The Reality of the 2021 Crawfish Season

The coronavirus pandemic has created a “new normal” for many businesses and industries. For farmers and the crawfish industry, their new normal is still greatly unknown. When the World Health Organization declared a pandemic in March of 2020, the industry halted. Restaurants could no longer offer dine-in seating. The businesses were restricted to delivery and take-out.

For the crawfish industry, the pandemic required hasty action. The industry was entering the peak season a month before Easter. It is when backyard crawfish boils are most common and Louisianians purchase the product. However, the pandemic led to restaurants ordering fewer crawfish. As a result, there was an oversaturated crawfish market. The price of crawfish then dropped and farmers experienced financial strain.

Ultimately, the farmers could only sell 10% to 15% of their crawfish catch. Even so, the season bounced back as 2020 continued. The drive-thru option at restaurants began to take hold. Also, people were able to hold small crawfish boils outdoors in their backyards. Still, the irregularities and financial difficulties of 2020 called into question the viability of 2021’s crawfish season.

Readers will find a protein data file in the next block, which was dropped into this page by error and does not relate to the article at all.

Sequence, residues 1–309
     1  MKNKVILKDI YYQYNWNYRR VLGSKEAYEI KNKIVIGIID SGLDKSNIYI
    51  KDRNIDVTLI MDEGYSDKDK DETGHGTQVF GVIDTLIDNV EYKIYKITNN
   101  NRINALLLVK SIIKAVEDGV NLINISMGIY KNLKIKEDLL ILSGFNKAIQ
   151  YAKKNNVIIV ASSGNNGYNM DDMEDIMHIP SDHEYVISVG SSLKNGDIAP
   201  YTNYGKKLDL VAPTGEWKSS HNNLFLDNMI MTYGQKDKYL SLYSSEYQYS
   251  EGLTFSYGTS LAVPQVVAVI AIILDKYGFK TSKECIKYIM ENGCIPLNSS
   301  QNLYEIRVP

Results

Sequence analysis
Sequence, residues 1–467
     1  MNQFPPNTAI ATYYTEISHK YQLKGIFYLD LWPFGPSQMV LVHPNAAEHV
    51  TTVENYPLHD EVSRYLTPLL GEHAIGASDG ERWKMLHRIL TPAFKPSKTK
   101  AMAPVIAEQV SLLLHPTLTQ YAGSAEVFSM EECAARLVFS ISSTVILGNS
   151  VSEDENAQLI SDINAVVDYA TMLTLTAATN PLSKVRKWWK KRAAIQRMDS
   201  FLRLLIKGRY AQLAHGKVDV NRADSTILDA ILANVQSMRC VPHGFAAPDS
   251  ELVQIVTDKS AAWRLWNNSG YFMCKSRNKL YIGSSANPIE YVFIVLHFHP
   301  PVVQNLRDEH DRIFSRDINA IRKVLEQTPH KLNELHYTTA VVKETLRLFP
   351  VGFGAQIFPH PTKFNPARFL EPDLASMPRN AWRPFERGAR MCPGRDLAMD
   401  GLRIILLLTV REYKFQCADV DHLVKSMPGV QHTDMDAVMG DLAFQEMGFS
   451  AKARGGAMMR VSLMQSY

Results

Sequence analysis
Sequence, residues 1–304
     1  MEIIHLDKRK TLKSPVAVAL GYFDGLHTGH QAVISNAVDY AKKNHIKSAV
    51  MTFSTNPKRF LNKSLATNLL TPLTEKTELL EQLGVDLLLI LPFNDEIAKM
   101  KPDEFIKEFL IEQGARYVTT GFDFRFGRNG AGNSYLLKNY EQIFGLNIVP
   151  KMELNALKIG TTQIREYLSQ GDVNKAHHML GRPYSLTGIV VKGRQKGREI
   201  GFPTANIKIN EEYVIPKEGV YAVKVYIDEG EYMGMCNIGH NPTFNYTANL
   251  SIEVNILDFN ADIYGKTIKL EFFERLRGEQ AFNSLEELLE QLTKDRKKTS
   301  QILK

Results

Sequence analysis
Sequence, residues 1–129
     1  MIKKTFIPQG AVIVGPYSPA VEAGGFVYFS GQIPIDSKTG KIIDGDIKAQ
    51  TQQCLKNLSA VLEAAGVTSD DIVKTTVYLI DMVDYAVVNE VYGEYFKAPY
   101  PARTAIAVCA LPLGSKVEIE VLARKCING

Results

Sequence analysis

What is Needed in the 2021 Crawfish Season?

Another shutdown like the previous spring would have a severe effect on the crawfish industry. Otherwise, the people who work in the crawfish industry expect a semi-regular year. They do expect less crawfish and fewer customers. However, as long as there are no shutdowns, they anticipate a strong end of the year.

The past year of the pandemic gave businesses a chance to adjust. Restaurant owners are aware that the demand for crawfish is present. Their main effort is ensuring that supplies are available for their customers. There are 1,400 crawfish restaurants that are included on The Crawfish App. The app’s co-founder Laney King said that almost every restaurant on the app implemented a drive-thru, take-out window or curbside pickup option.

It is unsurprising that the demand for crawfish is higher than normal. Given last year’s national lockdown, people missed their annual crawfish boils. Friends and coworkers are eager to have those boils again as the vaccines continue to roll out throughout the country. The Louisiana State University Agricultural Center expected a slow start to the 2021 crawfish season. Then, there will be gradual improvement.

The gradual regrowth is linked to weather changes. The cold temperature adversely affects the crawfish activity. As the weather continues to warm, crawfish activity will naturally rise. Further, the arrival of migrant workers plays a role. Once they return, the harvest will resume as usual. Crawfish specialist Mark Shirley anticipates an increase in crawfish acreage. That is not unlike past seasons. Last year’s acreage amounted to about 253,000 acres of production.


What’s the Outlook?

Generally speaking, there are business owners who are optimistic. Any growth for farmers and their distributors relies on restaurants and grocery stores. If these businesses cannot or will not purchase crawfish, growth is hindered. Additionally, any growth is dependent on the willingness of consumers to leave their houses and buy the crawfish.